Pew Research projects that by the end of 2015, Millennials will outnumber Baby Boomers — thanks to higher death rates in the Boomer population and high immigration rates in the Millennial population. That will make Millennials the nation’s largest living generation, which also means they’re one of the most important customer demographics for industries like food and beverage.
However, like every other generation, Millennials have their own set of preferences when it comes to what they purchase. The businesses that listen to these preferences will fare better with tapping into this large market. Check out some of the key Millennial food and beverage preferences below and discover how you can attract the millennial mind.
Millennials grew up with the Internet, which means that as technology has evolved throughout their lifetime, they’ve become accustom to a fast-paced society. Convenience is important to them, whether that means they’re looking for a grocery store close to home or they’re more willing to eat out than cook in their own kitchens. In fact, the Millennial population eats out more than others, with 53 percent citing that they eat out at least once a week, compared to 43 percent for the general population, says Business Insider.
Because of this, Millennials are more willing to ditch the traditional grocery store in favor of other options, including eating out and even ordering their food online.
As globalization of industry has spread throughout the last few decades, Millennials have grown up in a world where products are fairly cheap — since they’re less expensive to make, thanks to the low cost of outsourcing and the technologies that speed up productivity. Because of this, Millennials expect low prices. That’s not to mention that Millennials are a frugal generation, which means they’re likely to compare prices and choose the product with the best deal.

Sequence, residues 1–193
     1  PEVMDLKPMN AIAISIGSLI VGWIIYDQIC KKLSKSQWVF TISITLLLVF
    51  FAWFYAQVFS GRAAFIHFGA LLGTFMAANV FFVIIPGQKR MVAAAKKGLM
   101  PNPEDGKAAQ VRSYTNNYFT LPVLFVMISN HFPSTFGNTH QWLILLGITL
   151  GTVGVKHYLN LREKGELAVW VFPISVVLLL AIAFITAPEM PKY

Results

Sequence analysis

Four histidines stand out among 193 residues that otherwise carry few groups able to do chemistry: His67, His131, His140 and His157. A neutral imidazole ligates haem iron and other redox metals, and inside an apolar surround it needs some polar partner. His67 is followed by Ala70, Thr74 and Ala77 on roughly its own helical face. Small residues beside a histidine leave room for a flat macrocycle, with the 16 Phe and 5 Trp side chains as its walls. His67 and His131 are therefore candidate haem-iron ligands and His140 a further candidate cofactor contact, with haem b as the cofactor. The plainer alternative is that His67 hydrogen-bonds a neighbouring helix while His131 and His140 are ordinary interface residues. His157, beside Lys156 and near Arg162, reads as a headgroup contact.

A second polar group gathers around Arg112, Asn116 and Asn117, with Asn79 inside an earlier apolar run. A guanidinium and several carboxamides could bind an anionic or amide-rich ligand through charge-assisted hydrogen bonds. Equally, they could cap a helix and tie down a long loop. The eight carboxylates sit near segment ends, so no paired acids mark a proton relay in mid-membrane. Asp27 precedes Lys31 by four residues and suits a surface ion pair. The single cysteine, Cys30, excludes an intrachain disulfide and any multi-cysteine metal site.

While convenience and low prices are a priority for Millennials, that doesn’t mean that fast food and TV dinners are the bulk of their diet. As Forbes points out, Millennials are more willing to go out of their way for top products (i.e. craft beer), and a vast majority of them are interested in quality foods like organic fruits and vegetables.
While they’re interested in low prices, they are willing to spend more on foods that are healthier for them and taste better. This is true even for low-income Millennials. In fact, it’s suggested that lower-income shoppers are doing more for the sustainability market — and 50 percent are willing to pay premium prices for green products — according to SustainableBrands.com.
Millennials are not ignorant to what’s put in their food. Many Millennials will seek out products that they’re more familiar with ingredient-wise so that they’re informed with what they’re putting in their bodies – that doesn’t necessarily mean they are brand loyal.
Millennials are more likely to stray away from highly-processed foods in favor of those that carry
ingredients they’re familiar with. They’re interested in honest brands that don’t sacrifice the customer’s health for a longer shelf life.
A huge percentage of Millennials (81 percent) “expect companies to make a public commitment to corporate citizenship,” says Forbes. Millennials are a surprisingly environmentally-conscious generation. They’re more likely to grow their own food, make their own cleaning products, and install eco-friendly energy solutions than the majority of the population.